ICD-10 (2015): The International Statistical Classification of Diseases and Related Problems, 10th edition, created tens of thousands of new diagnosis codes used for medical billing in the United States. The US edition now contains about 70,000 codes, compared to 14,000 in ICD-9. For FY2019, the Centers for Disease Control and Prevention (CDC) announced another 473 ICD-10 code changes beginning October 1, 2018.
Regulatory compliance leads to associated systems changes, which is why so much time and energy has been spent in this area. But regulation isn’t the only challenge facing healthcare.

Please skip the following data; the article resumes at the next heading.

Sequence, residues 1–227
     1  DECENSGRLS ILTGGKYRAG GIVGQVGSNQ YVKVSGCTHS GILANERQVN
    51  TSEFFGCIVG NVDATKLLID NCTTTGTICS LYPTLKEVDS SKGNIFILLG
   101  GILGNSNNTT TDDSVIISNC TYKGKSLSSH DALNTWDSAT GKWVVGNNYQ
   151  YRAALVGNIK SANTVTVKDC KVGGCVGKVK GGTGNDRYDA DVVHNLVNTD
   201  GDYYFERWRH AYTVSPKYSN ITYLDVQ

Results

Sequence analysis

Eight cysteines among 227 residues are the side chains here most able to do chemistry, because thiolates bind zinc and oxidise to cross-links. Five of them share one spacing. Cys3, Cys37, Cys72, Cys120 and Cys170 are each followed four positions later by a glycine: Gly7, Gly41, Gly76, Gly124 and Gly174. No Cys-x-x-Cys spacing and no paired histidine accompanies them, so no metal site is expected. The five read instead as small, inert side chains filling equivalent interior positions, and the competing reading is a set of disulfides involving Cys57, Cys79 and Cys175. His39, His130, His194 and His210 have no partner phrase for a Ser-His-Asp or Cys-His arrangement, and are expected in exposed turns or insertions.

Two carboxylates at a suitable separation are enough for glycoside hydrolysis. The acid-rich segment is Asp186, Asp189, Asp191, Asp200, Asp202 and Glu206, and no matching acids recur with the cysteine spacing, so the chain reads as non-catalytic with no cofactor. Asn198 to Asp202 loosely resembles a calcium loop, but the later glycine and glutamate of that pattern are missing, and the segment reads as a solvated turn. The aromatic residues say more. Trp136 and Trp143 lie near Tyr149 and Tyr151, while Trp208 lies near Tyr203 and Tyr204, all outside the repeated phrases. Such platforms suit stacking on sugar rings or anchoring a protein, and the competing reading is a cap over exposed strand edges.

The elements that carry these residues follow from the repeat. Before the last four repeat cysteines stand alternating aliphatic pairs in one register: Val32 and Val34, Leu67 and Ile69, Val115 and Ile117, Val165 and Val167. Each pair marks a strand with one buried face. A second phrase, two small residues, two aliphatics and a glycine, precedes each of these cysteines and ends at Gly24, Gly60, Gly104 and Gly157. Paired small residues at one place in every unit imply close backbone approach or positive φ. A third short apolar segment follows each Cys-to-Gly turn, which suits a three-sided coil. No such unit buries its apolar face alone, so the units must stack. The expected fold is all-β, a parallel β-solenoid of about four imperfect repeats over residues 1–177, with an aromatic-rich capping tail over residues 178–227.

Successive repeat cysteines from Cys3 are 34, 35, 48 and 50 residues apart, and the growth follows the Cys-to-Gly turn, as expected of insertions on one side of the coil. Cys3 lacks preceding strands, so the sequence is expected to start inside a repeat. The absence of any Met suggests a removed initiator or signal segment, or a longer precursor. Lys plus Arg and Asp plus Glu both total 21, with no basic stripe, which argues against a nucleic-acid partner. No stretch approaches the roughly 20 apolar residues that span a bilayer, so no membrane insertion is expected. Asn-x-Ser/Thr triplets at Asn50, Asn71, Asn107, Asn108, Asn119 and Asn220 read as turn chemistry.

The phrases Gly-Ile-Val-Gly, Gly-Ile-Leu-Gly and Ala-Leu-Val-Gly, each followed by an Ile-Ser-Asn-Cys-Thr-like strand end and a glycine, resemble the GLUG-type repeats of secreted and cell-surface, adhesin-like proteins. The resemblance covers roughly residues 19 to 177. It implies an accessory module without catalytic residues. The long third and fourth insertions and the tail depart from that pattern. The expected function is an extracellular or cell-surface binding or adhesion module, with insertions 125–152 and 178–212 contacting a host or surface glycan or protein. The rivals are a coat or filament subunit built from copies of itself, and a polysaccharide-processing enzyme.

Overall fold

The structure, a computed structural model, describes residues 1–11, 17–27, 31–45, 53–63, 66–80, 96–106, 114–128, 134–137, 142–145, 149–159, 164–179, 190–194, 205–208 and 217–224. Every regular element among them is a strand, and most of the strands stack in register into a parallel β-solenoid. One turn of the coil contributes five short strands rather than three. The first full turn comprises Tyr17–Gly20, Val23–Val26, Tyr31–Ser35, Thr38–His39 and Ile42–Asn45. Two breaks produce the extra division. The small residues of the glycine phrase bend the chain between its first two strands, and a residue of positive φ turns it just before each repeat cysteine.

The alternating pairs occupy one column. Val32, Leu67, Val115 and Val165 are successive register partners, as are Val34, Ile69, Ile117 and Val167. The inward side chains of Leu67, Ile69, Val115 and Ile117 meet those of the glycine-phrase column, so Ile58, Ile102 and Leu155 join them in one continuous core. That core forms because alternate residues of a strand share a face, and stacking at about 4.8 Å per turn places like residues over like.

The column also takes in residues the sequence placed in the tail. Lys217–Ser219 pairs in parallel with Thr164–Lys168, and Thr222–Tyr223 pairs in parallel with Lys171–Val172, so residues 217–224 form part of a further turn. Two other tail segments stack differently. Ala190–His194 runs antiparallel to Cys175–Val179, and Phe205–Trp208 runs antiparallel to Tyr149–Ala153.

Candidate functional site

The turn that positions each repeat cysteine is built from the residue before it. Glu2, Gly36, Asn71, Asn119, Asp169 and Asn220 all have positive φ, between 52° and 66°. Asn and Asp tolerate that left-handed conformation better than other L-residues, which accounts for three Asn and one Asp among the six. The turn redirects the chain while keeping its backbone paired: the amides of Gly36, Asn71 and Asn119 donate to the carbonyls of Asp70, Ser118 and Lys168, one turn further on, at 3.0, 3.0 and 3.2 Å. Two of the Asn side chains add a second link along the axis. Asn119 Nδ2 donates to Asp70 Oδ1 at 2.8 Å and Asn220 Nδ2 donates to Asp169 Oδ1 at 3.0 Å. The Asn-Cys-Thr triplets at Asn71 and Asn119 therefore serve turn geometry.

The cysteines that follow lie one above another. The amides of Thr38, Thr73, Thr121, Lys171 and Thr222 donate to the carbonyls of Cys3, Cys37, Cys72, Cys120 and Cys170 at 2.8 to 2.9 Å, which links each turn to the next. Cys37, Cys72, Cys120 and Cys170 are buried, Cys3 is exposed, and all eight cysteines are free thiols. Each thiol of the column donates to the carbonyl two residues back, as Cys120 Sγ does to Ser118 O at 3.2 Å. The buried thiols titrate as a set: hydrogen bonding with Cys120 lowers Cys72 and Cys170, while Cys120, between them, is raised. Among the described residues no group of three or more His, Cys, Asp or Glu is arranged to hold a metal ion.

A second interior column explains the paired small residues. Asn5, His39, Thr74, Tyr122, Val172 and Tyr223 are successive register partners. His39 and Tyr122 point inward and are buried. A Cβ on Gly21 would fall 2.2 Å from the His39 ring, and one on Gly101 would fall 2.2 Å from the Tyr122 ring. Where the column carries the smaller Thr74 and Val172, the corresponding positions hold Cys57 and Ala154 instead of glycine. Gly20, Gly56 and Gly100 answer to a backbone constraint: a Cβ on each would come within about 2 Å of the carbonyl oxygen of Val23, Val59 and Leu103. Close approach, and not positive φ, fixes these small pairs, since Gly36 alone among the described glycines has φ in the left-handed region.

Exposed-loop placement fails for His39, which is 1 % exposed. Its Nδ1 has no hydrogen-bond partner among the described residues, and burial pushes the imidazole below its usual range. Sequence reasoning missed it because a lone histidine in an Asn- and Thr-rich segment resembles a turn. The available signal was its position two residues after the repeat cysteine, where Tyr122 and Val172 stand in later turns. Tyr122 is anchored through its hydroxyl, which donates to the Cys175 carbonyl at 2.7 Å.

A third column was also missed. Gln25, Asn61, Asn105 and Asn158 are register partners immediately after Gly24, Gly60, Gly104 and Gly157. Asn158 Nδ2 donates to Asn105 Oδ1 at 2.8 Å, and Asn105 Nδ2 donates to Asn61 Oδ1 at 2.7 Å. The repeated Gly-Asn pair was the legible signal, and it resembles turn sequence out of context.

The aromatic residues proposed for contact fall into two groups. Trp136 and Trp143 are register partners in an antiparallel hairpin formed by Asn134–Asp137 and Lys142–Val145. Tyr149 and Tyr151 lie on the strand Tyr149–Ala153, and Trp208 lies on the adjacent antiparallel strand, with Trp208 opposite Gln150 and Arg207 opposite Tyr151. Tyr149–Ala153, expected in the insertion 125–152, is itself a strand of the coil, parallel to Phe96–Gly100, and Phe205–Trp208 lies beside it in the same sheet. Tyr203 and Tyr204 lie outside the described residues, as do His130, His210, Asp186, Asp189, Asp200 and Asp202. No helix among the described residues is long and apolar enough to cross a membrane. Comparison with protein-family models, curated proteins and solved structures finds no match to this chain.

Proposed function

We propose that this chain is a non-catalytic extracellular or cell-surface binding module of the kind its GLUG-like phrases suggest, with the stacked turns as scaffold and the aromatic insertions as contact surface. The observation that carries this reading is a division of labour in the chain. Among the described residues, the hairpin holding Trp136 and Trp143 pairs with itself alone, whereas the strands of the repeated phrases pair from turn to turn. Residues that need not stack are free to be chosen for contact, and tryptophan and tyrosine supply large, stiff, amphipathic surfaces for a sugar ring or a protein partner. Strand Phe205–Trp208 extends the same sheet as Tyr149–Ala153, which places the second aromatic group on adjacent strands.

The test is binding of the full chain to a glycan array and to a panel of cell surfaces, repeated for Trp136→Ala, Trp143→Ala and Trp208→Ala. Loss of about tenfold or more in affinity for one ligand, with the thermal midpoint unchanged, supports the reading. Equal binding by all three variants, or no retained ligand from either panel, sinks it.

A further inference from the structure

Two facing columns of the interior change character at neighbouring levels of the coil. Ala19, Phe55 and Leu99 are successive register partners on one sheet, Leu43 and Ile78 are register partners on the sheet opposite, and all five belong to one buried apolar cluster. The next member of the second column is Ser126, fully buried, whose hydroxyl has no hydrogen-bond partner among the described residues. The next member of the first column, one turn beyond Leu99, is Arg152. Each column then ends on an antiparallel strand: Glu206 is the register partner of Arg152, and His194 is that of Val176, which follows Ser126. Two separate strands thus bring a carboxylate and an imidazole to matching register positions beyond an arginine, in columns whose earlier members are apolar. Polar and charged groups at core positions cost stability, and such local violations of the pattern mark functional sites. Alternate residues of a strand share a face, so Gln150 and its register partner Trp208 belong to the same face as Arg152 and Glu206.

An aging population is putting increasing demands on the healthcare system
The baby boomer generation (born from 1946 to 1964), still about 75 million strong in the US, is now 54 to 72 years old. As this generation ages, its members consume more healthcare. Members of the cohort naturally have more chronic conditions than younger people. And, as they reach the eligible age, they are using Medicare/Medicaid entitlements rather than private insurance to pay for their care.
The focus is shifting to a more holistic approach to medicine
Another major upheaval is the industry shift to managing health along a continuum rather than treating people at the hospital when a medical event occurs. This perspective starts with preventive medicine to keep people healthier so that they need fewer healthcare services. When they do get sick, this new model incorporates remote patient monitoring after treatment to help them recover more quickly and minimize re-admissions.